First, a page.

Now she finds a key to a door her mother was so sure was fake, opens it to find it’s a real door, and on the other side are much more fun, much more eccentric, and much better versions of everything and everyone around her. It seems too good to be true.
And it is, indeed, a façade.
It would be all well and good for ‘Coraline’ to draw from these basic, universal fears we all have and deliver a compelling, but ultimately one-dimensional narrative about a young girl who overcomes them. That would be the kind of basic, boring, story we’ve seen from children’s fiction time and time again. Frankly, children deserve better from their stories.
And the author agrees.
Therefore, he delivers something… more. And he does it by utilising this Other House.
I mentioned earlier that there’s something deeper, darker, and creepier at play within this book. A different kind of fear, using psychological elements rather than visceral ones, but used in a way that depicts and explores a similar dread and terror to conventional, adult horror books.
It’s a fear where something looks like it normally does at first glance, but there’s something just slightly off about it, that on a subconscious level you notice instantly, and becomes increasingly apparent the longer you look. Then, with every second more you observe this slightly-off thing, it becomes more and more unsettling.
It is, ultimately, a fear of familiar things turned wrong, being twisted just slightly enough that it becomes unfamiliar, but not pushed so far that it becomes alien or unknown.
‘Coraline’ has something going on in its pages that is akin to the uncanny valley which, I think, affects everyone during childhood. For those unfamiliar, the uncanny valley is the idea that humans react positively to non-human entities being given human traits, up to a certain point. Going too far abruptly turns this into an extreme negative reaction – usually an intense dislike, or terror. And since humans usually react to other humans positively, it’s been hypothesised that there is a valley in between anthropomorphic entities, and real humans. An uncanny valley, where faces and movements and voices that creep us out to an extreme degree can be found.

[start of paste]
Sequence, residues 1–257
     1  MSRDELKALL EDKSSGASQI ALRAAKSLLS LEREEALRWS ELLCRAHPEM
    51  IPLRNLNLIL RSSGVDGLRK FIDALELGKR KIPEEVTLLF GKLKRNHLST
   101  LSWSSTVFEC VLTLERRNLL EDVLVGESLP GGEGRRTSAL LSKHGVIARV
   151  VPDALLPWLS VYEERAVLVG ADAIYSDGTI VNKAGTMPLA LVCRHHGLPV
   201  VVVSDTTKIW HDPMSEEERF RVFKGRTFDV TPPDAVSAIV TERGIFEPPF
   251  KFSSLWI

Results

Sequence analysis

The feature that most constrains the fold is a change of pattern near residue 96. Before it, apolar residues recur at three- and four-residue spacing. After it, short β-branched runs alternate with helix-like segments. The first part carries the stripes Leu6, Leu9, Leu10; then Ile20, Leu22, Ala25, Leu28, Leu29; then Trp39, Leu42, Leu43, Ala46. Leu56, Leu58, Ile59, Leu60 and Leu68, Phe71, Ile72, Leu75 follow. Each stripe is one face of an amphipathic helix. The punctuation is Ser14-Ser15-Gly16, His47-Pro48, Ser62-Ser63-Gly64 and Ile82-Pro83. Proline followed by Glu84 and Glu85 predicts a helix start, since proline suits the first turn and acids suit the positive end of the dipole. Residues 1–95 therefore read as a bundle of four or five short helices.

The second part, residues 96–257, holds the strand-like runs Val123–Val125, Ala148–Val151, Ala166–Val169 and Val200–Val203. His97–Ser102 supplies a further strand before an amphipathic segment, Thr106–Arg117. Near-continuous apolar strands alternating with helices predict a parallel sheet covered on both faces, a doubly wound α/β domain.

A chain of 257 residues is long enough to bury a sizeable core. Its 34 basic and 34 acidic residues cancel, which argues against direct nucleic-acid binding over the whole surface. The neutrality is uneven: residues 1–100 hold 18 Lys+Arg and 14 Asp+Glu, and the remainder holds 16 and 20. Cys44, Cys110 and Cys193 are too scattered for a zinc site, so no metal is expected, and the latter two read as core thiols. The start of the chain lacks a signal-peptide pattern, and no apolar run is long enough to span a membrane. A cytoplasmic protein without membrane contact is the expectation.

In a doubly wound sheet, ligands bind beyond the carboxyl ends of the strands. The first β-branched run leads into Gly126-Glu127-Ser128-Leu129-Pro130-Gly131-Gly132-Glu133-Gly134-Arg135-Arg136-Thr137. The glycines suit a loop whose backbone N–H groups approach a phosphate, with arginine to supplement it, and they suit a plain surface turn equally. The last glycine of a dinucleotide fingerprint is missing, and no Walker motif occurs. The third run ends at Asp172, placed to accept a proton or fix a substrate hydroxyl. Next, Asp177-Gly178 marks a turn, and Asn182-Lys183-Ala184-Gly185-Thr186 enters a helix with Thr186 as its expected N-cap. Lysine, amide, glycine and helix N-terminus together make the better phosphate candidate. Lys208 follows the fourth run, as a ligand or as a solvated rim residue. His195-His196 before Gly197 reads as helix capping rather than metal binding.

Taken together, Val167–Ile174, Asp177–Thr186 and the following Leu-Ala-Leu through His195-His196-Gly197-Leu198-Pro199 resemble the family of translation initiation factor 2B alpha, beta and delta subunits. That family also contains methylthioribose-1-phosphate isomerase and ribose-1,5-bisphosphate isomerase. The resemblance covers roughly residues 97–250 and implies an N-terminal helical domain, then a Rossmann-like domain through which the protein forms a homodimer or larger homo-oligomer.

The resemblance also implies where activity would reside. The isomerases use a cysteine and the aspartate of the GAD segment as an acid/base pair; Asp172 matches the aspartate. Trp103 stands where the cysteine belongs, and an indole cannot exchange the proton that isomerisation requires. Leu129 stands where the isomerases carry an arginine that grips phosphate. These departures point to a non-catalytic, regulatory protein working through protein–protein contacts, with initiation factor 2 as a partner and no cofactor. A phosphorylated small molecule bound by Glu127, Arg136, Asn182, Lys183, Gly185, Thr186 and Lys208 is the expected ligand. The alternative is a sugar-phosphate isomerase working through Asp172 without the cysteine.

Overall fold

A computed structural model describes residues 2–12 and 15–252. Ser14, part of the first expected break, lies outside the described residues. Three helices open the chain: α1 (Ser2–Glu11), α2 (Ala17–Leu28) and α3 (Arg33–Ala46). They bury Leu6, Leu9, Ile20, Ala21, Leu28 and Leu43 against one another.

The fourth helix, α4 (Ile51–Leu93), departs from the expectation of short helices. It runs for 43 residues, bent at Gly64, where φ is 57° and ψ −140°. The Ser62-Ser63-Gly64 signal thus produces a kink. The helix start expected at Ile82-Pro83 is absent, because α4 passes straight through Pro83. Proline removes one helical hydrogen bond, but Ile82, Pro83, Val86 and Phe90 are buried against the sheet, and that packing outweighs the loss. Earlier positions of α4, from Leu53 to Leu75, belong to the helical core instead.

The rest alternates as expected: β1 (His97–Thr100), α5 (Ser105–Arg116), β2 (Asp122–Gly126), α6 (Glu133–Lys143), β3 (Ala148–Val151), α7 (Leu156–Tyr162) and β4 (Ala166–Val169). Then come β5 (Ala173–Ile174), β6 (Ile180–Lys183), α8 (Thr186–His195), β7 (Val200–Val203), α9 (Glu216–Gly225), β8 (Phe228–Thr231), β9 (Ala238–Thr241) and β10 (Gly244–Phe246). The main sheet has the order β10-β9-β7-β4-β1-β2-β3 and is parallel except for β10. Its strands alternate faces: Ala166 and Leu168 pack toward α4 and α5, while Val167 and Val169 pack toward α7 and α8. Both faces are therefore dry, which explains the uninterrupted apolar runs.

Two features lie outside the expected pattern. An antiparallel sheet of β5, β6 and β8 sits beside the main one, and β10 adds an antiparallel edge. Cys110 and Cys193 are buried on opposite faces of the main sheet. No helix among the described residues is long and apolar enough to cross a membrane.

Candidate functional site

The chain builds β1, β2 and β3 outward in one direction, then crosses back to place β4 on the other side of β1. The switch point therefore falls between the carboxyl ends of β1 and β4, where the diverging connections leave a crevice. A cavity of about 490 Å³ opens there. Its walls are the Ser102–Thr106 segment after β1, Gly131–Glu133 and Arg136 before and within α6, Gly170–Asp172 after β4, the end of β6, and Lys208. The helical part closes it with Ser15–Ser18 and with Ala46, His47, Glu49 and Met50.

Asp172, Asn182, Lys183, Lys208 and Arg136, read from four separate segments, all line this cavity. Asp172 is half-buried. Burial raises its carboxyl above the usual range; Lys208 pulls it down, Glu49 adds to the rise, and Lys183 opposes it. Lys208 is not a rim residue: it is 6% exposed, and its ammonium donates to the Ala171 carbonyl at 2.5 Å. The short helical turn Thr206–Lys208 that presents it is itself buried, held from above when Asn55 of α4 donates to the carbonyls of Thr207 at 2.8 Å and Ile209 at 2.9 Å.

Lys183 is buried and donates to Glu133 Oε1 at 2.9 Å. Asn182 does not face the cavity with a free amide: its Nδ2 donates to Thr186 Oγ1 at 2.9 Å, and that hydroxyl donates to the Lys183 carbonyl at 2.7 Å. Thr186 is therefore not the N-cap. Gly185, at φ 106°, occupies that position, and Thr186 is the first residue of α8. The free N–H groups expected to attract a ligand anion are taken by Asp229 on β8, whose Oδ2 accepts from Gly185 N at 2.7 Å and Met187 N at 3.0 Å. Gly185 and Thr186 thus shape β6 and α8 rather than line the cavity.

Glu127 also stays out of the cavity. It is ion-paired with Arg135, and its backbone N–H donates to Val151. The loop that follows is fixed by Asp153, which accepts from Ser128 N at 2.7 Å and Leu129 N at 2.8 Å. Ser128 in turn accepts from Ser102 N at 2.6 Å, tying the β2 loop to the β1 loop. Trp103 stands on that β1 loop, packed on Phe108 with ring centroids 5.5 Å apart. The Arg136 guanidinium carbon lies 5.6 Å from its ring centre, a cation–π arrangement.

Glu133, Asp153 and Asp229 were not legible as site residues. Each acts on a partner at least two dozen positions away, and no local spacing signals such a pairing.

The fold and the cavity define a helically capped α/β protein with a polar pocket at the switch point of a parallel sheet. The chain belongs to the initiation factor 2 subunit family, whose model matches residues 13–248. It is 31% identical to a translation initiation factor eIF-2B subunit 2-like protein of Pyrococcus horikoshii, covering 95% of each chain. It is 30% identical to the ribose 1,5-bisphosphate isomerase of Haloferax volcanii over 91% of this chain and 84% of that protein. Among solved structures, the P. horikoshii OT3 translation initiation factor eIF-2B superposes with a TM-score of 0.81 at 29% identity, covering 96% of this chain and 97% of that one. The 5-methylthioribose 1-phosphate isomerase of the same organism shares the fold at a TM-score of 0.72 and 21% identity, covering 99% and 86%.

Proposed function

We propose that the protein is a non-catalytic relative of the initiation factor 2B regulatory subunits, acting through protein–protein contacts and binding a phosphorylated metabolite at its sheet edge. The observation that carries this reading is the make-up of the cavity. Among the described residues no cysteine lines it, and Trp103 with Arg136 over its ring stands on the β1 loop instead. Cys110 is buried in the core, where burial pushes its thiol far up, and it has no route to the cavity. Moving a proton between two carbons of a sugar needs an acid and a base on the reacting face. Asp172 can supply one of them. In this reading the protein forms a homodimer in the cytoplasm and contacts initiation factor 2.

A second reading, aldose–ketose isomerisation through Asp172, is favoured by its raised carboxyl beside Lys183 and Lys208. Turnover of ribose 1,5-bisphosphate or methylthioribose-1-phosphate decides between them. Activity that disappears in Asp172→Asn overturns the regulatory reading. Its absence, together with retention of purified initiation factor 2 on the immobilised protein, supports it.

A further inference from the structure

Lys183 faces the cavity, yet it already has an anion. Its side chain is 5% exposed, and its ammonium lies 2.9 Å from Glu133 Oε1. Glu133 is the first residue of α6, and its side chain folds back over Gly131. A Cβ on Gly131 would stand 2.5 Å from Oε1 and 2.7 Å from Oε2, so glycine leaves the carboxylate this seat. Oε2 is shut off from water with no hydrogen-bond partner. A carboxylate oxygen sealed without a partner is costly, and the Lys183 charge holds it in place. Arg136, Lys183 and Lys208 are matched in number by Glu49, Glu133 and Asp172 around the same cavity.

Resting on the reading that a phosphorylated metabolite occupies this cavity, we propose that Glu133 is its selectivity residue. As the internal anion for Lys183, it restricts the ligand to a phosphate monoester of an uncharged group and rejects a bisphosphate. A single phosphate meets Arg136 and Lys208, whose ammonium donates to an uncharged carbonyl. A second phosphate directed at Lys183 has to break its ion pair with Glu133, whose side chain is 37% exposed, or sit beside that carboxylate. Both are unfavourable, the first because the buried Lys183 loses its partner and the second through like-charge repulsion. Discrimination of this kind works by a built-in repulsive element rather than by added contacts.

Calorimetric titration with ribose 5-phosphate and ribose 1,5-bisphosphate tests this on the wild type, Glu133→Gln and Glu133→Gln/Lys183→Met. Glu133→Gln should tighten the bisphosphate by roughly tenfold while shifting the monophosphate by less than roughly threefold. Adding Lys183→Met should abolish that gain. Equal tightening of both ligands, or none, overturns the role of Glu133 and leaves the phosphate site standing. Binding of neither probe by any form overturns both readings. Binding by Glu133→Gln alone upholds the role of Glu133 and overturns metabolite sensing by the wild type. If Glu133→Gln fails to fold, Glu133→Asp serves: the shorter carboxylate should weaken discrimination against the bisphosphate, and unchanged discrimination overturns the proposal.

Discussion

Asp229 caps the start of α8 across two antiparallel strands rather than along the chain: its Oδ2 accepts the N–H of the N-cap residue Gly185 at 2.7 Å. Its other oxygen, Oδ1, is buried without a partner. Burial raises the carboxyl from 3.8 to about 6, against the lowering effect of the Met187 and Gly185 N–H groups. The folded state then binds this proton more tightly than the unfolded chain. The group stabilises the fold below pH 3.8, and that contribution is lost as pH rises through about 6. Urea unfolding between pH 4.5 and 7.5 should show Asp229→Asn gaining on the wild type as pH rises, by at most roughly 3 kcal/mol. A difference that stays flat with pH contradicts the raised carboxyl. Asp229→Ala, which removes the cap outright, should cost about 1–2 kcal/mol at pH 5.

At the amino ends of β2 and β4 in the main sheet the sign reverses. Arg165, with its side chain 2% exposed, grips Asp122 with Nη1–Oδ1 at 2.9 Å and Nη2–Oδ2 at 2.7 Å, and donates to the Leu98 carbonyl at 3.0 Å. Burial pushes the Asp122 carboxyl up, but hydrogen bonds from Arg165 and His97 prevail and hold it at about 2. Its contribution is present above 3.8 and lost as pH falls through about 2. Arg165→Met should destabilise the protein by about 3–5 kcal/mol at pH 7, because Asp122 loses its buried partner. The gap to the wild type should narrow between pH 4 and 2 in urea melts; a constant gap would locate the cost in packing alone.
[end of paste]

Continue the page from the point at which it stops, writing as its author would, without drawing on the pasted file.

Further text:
Much more frightening than a fear of the unknown, is a fear of the familiar being distorted.
And ‘Coraline’ embodies this type of fear perfectly.
In particular, with its main antagonist, the Other Mother. She is described as looking like Coraline’s real mother, but with paper white skin, and too long fingernails, and teeth that are just slightly too big. She is also much too tall. And of course, most significantly, she has shiny black buttons in place of her eyes.
Individually, these things are very minor differences. However, they have a severe effect on the reader’s discomfort because of that familiar-distorted uncanny valley effect, especially when paired with the Other Mother’s behaviour and wishes – the fact that she wants Coraline to stay there forever, and wants to replace her real mother, and wants Coraline to receive her own button eyes.
What’s really important here is that this specific fear can be developed while still acting as a gateway story, not to mention maintaining its suitability for its target audience of younger readers. This is because the visceral monstrousness has been replaced with this nightmarish surrealism, its physical threat manifested primarily through psychological threat using those base fears. And on top of that, it simultaneously attacks both of those age group specific fears I brought up earlier. As a result, this book, and its main antagonist, can unsettle both children and adults, and it does so without gatekeeping anyone with more extreme, disturbing elements.